Independent of the radii of the various electrode plates, the apex 144 of all of the anode plates 16, 19, 22, 25 and 28 and the apex of all of the cathode plates 90, 93, 96 and 99 may be a common point at the bottom of the cell stack assembly. Also, the apex 148 of the cathode plates lies within the boundaries of the anode plates.
The metallic connecting element 102 should be positioned within the metallic connecting element 31, particularly within regions that are directly opposed and contain electrochemically active materials.
The cathode plate area throughout the cell stack assembly is maximized within the boundaries of the two adjoining anode plates, and any means for providing this relationship within a given case geometry will provide for a cell with the highest possible energy density.
Turning to FIGS. 4-7, the cell stack assembly 140 of the present invention may be assembled by placing two sheets of separator 150 on opposite sides of the cathode electrode 13 as shown in FIGS. 4 and 5. The separator is included between the anode and the cathode, and completely covers the electrodes so as to prevent direct contact between the anode and the cathode. The separator may consist of individual pieces that are placed between the anode and the cathode as shown in FIGS. 4-5, or an elongated piece that is cut to a specific profile and shape such that it prevents direct contact between the anode and the cathode in the cell stack assembly, or it may be heat sealed directly around the anode, the cathode, or both. Next, the combined electrode strips and separator are wound by starting at one end and winding toward the opposite end as indicated by arrows 160 in FIG. 6. The cell stack may be wound about a mandrel to form the shape shown in FIG. 7. Different shapes and sizes of mandrels may be used depending on the cell geometry. Also, the electrodes 10 and 13 may be wound from the center as known to those of ordinary skill in the art.
In FIG. 8 an alternate embodiment of the present invention provides a cell stack suitable for use in a case 200 having a curved bottom section 203. A continuous anode electrode includes six plates 206, 209, 212, 215, 218, and 221. Other numbers of plates would also be suitable depending on the cell geometry as known to those of ordinary skill in the art. Alternatively, the electrode assembly may be formed by stacking the electrodes and then folding the combined electrodes in sections from end-to-end.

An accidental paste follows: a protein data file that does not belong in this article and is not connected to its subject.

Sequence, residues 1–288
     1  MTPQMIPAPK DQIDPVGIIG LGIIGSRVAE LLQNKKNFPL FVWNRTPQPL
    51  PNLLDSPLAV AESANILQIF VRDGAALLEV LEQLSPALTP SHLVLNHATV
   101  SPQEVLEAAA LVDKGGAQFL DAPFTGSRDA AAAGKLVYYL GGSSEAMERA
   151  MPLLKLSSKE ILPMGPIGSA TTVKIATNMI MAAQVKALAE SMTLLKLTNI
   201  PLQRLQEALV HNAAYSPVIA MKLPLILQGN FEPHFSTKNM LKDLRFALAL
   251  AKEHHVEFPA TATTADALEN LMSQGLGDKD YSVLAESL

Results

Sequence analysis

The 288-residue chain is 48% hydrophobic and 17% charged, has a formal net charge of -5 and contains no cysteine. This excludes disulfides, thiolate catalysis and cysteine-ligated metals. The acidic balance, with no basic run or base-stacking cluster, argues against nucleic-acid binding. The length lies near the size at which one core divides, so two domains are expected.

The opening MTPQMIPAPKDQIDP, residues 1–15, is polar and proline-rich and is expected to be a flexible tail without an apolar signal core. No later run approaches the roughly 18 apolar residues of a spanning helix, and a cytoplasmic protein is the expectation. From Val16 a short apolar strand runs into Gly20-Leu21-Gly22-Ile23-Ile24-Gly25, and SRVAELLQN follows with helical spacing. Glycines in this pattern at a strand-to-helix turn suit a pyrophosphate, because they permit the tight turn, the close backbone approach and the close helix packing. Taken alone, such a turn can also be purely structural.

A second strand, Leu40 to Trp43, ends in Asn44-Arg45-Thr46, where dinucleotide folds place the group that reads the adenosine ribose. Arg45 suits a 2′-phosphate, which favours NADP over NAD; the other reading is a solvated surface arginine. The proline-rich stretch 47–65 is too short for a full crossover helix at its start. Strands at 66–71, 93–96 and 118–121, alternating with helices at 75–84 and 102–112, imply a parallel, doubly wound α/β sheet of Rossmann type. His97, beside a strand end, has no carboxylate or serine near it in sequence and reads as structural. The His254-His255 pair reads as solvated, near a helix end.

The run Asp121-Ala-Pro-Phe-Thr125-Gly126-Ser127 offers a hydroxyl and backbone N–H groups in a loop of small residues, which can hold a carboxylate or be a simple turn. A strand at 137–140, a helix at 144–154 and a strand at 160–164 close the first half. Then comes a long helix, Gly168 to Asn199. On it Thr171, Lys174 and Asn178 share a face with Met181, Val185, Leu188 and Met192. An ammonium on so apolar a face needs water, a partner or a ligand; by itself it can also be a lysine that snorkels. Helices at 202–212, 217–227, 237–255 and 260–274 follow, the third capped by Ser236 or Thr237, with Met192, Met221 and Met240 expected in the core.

A continuous cathode electrode contains five plates 224, 227, 230, 233, and 236 as shown. Other numbers of plates would also be suitable depending on the cell geometry. The respective plates for the positive and negative electrodes are arranged such that the largest positive and negative plates are disposed in the center of the curved bottom surface. As the curved bottom surface extends toward the side walls 240 and 243, the amount of space at the bottom of the casing decreases. Accordingly, the smaller positive and negative plates are disposed closer toward the side walls 240 and 243. As a result, the cell stack maintains the relationship between each positive electrode plate and its adjacent larger negative electrode plates and also maximizes the volumetric efficiency of the cell so that more active material can be used because the plates extend toward the bottom of the casing such that they conform to the curvature of the bottom wall.
Accordingly, the present invention provides a lithium ion secondary battery having an irregular shape with a unitary anode and unitary cathode that are spirally wound or folded and that provide a high energy density for an implantable biomedical device.
It is appreciated that various modifications to the present inventive concepts described herein may be apparent to those of ordinary skill in the art without departing from the spirit and scope of the present invention as defined by the herein appended claims.
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|U.S. Classification||429/161, 429/128, 29/623.1, 429/231.95, 429/94|
|International Classification||H01M10/04, H01M2/26, H01M10/36, H01M10/0585, H01M10/0583, H01M4/13, H01M10/0525, H01M10/0587|
|Cooperative Classification||H01M10/0525, H01M10/0585, H01M10/0583, H01M4/13, H01M10/0587, H01M10/0431, Y02E60/122, H01M10/04, Y10T29/49108|
|European Classification||H01M10/04, H01M10/04D, H01M10/0585, H01M4/13, H01M10/0583, H01M10/0525, H01M10/0587|
|Mar 5, 2001||AS||Assignment|
|Feb 10, 2004||CC||Certificate of correction|
|Apr 23, 2007||FPAY||Fee payment|
Year of fee payment: 4
|Jul 5, 2007||AS||Assignment|
|Nov 22, 2007||AS||Assignment|
Owner name: MANUFACTURERS AND TRADERS TRUST COMPANY,NEW YORK
Free format text: SECURITY INTEREST;ASSIGNOR:GREATBATCH LTD.;REEL/FRAME:020571/0205
Effective date: 20070522
|Apr 21, 2011||FPAY||Fee payment|
Year of fee payment: 8
|Apr 8, 2015||FPAY||Fee payment|
Year of fee payment: 12